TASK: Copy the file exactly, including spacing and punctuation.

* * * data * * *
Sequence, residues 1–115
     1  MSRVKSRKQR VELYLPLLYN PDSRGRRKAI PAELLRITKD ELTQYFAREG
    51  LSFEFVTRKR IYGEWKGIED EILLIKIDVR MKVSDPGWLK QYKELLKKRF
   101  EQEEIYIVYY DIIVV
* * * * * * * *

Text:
Sequence, residues 1–115
     1  MSRVKSRKQR VELYLPLLYN PDSRGRRKAI PAELLRITKD ELTQYFAREG
    51  LSFEFVTRKR IYGEWKGIED EILLIKIDVR MKVSDPGWLK QYKELLKKRF
   101  EQEEIYIVYY DIIVV